Don't assume you and your other half are in sync on the film festival, no matter how long you've been together. On the festival's second day, it unfolded that I thought we'd see three films, but Anne had figured on four. She was aghast at missing a movie; I was aghast at never seeing daylight.

If you agree on your schedule before the festival starts, you improve your chances of achieving a civilized pace. And a civilized relationship.

The bottom line is everyone's taste and stamina differ. In one evening Anne will happily see a Danish lesbian documentary, transgender shorts and a gay male Peruvian feature. After such an evening I might not know where I am. Or who.

Come to think of it, our different movie-going appetites might make a good short film. Anne and I should make one. If we can agree on the pace.

Thursday, October 21, 2010

Question of the Week

Do you own anything rainbow-colored?

The Luck of the Gay Irish

Here's a shocker. Ireland might get a gay president.

Not long ago a leprechaun would've had a better chance, so something has shifted in this conservative Catholic nation.

Sen. David Norris, a James Joyce scholar, told the Guardian his candidacy resulted from a Facebook campaign urging him to run. Opinion polls have him leading in next year's race for president.

It's a mostly symbolic position, which would be appropriate, since his election would be one helluva symbol to the whole world.

Norris knows that: "Anybody else elected as president of Ireland I don't think is going to get the same kind of sensational news coverage. And I think that's splendid, because if I went to Washington as president every single news channel will be there hungry for a story. I have been around long enough to deal with that story with dignity and then move on to talk about Ireland, to sell our country."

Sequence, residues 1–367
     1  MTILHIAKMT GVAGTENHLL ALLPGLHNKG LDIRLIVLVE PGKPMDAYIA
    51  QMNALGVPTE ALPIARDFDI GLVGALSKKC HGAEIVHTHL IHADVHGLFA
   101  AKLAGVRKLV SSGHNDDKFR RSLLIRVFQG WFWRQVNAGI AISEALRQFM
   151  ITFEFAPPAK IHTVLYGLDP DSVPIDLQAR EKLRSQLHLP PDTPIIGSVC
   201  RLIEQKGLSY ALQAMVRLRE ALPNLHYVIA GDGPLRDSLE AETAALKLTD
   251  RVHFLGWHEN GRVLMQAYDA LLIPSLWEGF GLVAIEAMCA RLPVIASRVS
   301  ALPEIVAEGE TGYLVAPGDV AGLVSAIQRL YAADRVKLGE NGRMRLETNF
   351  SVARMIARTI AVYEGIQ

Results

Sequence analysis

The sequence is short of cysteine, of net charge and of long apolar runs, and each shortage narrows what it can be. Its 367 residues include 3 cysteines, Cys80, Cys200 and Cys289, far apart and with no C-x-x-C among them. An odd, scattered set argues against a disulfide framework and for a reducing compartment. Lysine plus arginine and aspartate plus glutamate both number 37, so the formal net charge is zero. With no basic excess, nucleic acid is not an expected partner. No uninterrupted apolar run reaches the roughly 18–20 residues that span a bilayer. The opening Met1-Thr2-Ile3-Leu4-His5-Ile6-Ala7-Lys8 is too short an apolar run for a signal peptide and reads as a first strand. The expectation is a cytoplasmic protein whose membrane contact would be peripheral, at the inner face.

If he's selling, I'm buying.

Tuesday, October 19, 2010

This Week's Quote

I went to a convent in New York and was fired finally for my insistence that the Immaculate Conception was a spontaneous combustion.

Dorothy Parker

Source: An Uncommon Scold

God on Our Minds

Over the weekend I went to see "Mississippi Queen," a documentary about an out lesbian returning home to Mississippi to make sense of the fact that her parents run an ex-gay ministry.

PFLAG parents these were not.

In addition to her parents, Paige Williams interviewed other Christian folks. I'm still ruminating over the two female ex-gays. Both gals had given up women and weren't involved with men. When asked about missing intimacy, one said she had an intimacy with God.

My snort was heard 'round the theater.

Right, I thought, that's satisfying. Girl, you've cut yourself off from human contact. That's a gigantic void God can't fill. All to satisfy a small-minded interpretation of the Bible. The other woman said something like she was in relationship with God, so both ex-lesbians were looking at a future with God as their significant other. I trust he'll at least pay for dinner.

But later I got to thinking. Gurus, nuns, priests, monks, mystics—there are people for whom God is enough. They actually are in relationship with him or her, and that relationship supersedes all others.

My partner Anne, who long ago journeyed out of Christian fundamentalism, summed it up, "The ex-gay movement shouldn't be dismissed out of hand, but it certainly has its roots in grotesque religious homophobia."

If God really is enough for these two women, then may they be happy. But I don't think most ex-gays hear a call that divine. I think they hear a bellow of condemnation here on earth.

It makes me want to hand out earmuffs. God's call will pass through them; the bellow of the hypocrites who cherry-pick the Bible will not.

Thursday, October 14, 2010

Question of the Week

What do you want to say to people who won't vote in next month's election?

Tuesday, October 12, 2010

This Week's Quote

I found one day in school a boy of medium size ill-treating a smaller boy. I expostulated, but he replied: ‘The bigs hit me, so I hit the babies; that’s fair.’ In these words he epitomized the history of the human race.

Bertrand Russell

Source: finestquotes.com

Monday, October 11, 2010

All Aboard the Crazy Train

Lately the crazy train has picked up speed.

I don't know if it's the upcoming midterm elections or people are scared by gay court victories or what, but we're in a period of nutty.

Take David Barton. Please.

An evangelical minister, teacher at (Glenn) Beck University and former vice chairman of the Texas Republican Party, Barton, a self-styled historian, is the founder of WallBuilders, a group devoted to the idea that America was founded as a Christian nation.

On his WallBuilders radio show recently, Barton discussed with Rick Green how health-conscious America is, regulating cigarettes and trans fats and salt, yet allowing something to slip through that is such an obvious threat to the health of Americans: "Jersey Shore."

Okay, he didn't say that. Instead, Barton reeled off fanciful statistics, like, "Homosexuals die decades earlier than heterosexuals," and "nearly one-third (of homosexuals) admit to a thousand or more sex partners in a lifetime."